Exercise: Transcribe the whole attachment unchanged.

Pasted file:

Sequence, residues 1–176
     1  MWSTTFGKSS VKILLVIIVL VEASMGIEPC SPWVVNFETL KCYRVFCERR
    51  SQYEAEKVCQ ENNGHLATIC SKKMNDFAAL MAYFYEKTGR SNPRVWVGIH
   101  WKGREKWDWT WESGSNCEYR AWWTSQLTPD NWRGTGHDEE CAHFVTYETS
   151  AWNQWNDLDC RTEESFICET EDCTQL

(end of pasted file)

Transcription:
Sequence, residues 1–176
     1  MWSTTFGKSS VKILLVIIVL VEASMGIEPC SPWVVNFETL KCYRVFCERR
    51  SQYEAEKVCQ ENNGHLATIC SKKMNDFAAL MAYFYEKTGR SNPRVWVGIH
   101  WKGREKWDWT WESGSNCEYR AWWTSQLTPD NWRGTGHDEE CAHFVTYETS
   151  AWNQWNDLDC RTEESFICET EDCTQL